Compile 3.9 Kernel on Debian 7 Wheezy for Lenovo X230

Reason for compiling your own kernel

Debian Wheezy out of the box installs the Linux 3.2 kernel which was released back in January 2012. The 3.2 kernel is marked as longterm by the kernel team and will be supported until 2016. That’s probably the reason why Debian chose to release Wheezy with the 3.2 Kernel. However most newer hardware (released after January 2012) will not properly be supported by this kernel. The Intel HD4000 graphics chip in my Lenovo X230 suffers from lock-ups while using the 3.2 kernel. These problems were fixed in the 3.4 kernel (Intel provided a new graphics chip driver). The following commands will compile and install the latest available kernel from (v. 3.9.4 at the time of writing)


The following packages are needed to compile your kernel

$ sudo apt-get install kernel-package fakeroot build-essential ncurses-dev

Download the new kernel from

(replace 3.9.4 with current version number)

$ wget

Extract the archive and cd into it

$ tar xvf linux-3.9.4.tar.bz2
$ cd linux-3.9.4/

Compile the kernel

Base the kernel config on your current configuration

$ cat /boot/config-`uname -r`>.config
## OR (depending on your current kernel)
$ cat /boot/config-3.2.0-4-amd64 > .config

$ make oldconfig

Remark: you’ll be asked quite a lot of questions (newer kernel contain more options and tweaks). If in doubt, choose the default answer.

Create the kernel related debian packages

$ make-kpkg clean

Compile the kernel

$ sudo time fakeroot make-kpkg -j4 --initrd kernel_image kernel_headers

replace 4 with the amount of available cpu-cores

Install the new kernel

$ sudo dpkg -i ../linux-image-3.9.4_3.9.4-10.00.Custom_amd64.deb ../linux-headers-3.9.4_3.9.4-10.00.Custom_amd64.deb

Reboot and select the new kernel in grub

Monitor HDD Temperatures in Debian

Modern storage drives (harddisk/ssd) support S.M.A.R.T (Self-Monitoring, Analysis, and Reporting Technology) and allow to examine the current drive status through a standardized interface. The design goal during S.M.A.R.T’s development was to anticipate drive failures before they actually happen. HDDTemp utility can read out the temperature of your hard drive by reading the data from S.M.A.R.T

Install hddtemp

To install hddtemp under Debian/Ubuntu enter the following command into a terminal.

$ sudo apt-get install hddtemp

You can also perform source code installation. Download the source code tar ball here.

$ tar -jxvf hddtemp-0.3-beta15.tar.bz2
$ cd hddtemp-0.3-beta15
$ ./configure
$ make
$ sudo make install

Monitor hard disk temperature

To see the temperature for /dev/sda, enter the following command:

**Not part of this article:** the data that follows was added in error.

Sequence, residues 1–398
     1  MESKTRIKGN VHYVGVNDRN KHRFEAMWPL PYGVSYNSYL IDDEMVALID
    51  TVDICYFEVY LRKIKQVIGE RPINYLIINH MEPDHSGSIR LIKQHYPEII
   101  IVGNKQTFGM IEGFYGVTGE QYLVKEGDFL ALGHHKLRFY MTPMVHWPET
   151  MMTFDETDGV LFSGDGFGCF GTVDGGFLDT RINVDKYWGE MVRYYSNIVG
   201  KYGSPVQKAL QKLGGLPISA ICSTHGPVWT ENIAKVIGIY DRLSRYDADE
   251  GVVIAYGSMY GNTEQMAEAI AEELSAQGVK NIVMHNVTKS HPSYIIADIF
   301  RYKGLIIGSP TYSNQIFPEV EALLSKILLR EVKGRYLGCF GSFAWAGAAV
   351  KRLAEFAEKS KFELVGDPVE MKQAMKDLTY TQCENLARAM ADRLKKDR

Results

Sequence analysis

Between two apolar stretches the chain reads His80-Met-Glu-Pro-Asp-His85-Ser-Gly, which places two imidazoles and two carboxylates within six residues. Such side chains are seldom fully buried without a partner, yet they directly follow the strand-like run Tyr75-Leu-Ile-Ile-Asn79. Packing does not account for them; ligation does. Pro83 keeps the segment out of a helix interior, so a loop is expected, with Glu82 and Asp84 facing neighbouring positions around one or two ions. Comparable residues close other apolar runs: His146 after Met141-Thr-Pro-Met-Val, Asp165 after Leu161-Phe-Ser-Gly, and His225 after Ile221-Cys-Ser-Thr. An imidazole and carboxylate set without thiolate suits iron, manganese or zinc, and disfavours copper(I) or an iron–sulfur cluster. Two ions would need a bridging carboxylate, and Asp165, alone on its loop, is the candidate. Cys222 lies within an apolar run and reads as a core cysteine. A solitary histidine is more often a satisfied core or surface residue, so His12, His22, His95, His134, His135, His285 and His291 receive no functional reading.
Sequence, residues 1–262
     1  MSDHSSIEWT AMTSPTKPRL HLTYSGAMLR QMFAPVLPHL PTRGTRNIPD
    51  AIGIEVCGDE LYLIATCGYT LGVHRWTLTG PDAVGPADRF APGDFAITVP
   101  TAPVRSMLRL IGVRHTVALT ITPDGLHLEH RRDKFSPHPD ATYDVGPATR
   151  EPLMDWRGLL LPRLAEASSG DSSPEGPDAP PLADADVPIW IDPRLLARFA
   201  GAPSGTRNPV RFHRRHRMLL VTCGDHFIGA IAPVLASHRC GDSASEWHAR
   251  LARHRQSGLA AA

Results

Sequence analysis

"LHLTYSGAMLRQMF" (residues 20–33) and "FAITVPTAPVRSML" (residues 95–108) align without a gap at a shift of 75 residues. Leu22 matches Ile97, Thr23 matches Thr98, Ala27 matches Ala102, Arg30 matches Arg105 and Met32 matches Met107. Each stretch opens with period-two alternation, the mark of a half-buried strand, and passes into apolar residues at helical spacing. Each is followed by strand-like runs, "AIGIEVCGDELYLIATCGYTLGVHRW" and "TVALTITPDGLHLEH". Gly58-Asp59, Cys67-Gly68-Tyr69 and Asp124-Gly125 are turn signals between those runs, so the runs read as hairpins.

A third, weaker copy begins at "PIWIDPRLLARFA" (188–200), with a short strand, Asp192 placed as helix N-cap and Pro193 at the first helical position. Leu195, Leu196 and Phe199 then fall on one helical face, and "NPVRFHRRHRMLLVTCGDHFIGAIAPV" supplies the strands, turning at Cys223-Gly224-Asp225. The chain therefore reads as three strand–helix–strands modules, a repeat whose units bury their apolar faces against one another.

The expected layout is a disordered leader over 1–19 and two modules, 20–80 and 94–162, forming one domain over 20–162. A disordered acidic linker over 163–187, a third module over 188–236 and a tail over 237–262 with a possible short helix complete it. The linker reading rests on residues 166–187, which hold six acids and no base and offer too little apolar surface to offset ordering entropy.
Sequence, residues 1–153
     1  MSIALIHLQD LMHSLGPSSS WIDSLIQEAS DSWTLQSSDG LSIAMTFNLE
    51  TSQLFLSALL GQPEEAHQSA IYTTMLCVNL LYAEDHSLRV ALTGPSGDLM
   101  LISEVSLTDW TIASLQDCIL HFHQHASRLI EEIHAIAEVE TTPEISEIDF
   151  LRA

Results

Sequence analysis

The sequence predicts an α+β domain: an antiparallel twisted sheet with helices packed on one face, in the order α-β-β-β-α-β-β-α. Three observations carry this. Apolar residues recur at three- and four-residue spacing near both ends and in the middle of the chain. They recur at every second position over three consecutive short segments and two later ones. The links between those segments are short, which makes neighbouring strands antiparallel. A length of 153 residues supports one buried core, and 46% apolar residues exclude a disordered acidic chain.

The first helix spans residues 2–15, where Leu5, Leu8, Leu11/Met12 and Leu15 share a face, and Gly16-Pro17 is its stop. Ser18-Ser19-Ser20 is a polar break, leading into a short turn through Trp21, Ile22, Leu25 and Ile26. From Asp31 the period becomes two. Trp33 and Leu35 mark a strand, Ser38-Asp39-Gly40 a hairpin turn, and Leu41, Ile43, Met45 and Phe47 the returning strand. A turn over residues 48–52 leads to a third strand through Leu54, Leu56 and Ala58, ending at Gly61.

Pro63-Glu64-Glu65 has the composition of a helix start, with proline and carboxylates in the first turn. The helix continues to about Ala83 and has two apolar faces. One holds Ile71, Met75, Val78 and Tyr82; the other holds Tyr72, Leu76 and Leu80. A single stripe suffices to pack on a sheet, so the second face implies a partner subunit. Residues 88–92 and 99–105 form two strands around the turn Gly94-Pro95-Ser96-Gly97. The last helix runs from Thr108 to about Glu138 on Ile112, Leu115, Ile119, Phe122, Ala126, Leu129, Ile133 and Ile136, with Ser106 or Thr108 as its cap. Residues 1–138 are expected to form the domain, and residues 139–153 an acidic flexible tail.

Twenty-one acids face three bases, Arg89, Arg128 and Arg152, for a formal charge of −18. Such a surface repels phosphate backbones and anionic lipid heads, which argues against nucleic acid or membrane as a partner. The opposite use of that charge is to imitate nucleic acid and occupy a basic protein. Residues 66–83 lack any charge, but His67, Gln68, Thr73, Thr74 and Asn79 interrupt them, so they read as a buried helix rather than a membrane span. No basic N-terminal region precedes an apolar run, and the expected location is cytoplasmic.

# hddtemp /dev/sda

/dev/sda: Hitachi HDS723020BLA642: 36°C
# hddtemp /dev/sd[a-k]

/dev/sda: Hitachi HDS723020BLA642: 37°C
/dev/sdb: Hitachi HDS723020BLA642: 38°C
/dev/sdc: Hitachi HDS723020BLA642: 38°C
/dev/sdd: Corsair Force 3 SSD: 128°C
/dev/sde: WDC WD2003FYYS-02W0B1: 37°C
/dev/sdf: WDC WD2003FYYS-02W0B1: 37°C
/dev/sdg: WDC WD2003FYYS-02W0B1: 39°C
/dev/sdh: Hitachi HUA723020ALA640: 35°C
/dev/sdi: Hitachi HUA723020ALA640: 35°C
/dev/sdj: WDC WD2003FYYS-02W0B1: 41°C
/dev/sdk: WDC WD2003FYYS-02W0B1: 41°C

Dropbox error about monitoring file system

On Linux, the Dropbox client or in general all applications are subject to a default file system limit regarding the number of directories and files an application can monitor for changes.
Dropbox sooner or later will notify you with the following warning:

“Unable to monitor the filesystem – Please run: echo 100000 | sudo tee /proc/sys/fs/inotify/max_user_watches and restart Dropbox to correct the problem.”

The Linux version of the Dropbox desktop application is limited from monitoring more than 10000 folders by default. Anything over that is not watched and, therefore, ignored when syncing. There’s an easy fix for this.

# increases the max-file-watch limit

echo fs.inotify.max_user_watches=100000 | sudo tee -a /etc/sysctl.conf

# to apply the changes without restarting

sudo sysctl -p
sudo dropbox stop
sudo dropbox start

Unbranded Firefox in Debian

Mozilla Firefox is a widely used web browser in many GNU/Linux distibution, including Debian OS. Debian uses a slightly patched version of Firefox and due to the brand/name restrictions isn’t allowed to call their version Firefox anymore. Therefore, Debian re-brands the Firefox browser and calls it Iceweasel. (Same restrictions apply to Thunderbird which is called Icedove)

Iceweasel is Firefox, only with different name and logo. It performs exactly like Firefox and the extensions/add-ons are 100% compatible.

Manually Installing Firefox

Download Firefox

Download the latest version of the unbranded Firefox from Mozilla’s Website:
Link on their Website to 32bit builds:
For 64bit builds for Linux goto:

Install Firefox

#copy firefox tarball to /opt

sudo cp firefox-*.tar.bz2 /opt

#change to /opt directory

cd /opt

#extract tarball

sudo tar -xvf firefox-*.tar.bz2

#remove the tarball

sudo rm firefox-*.tar.bz2

Create Symbolic Link for Startup

If you previously had Iceweasel installed the file /usr/bin/firefox might already exist. On further inspection it’s just a script:


FIREFOX="$(which $0)"
[ -x "$FIREFOX.real" ] && exec "$FIREFOX.real" "$@"

exec iceweasel "$@"

Basically it means if a file called firefox.real exists the shell is going to execute the firefox.real binary otherwise it will start iceweasel. Therefore create a symbolic link to /usr/bin/firefox.real

sudo ln -s /opt/firefox/firefox /usr/bin/firefox.real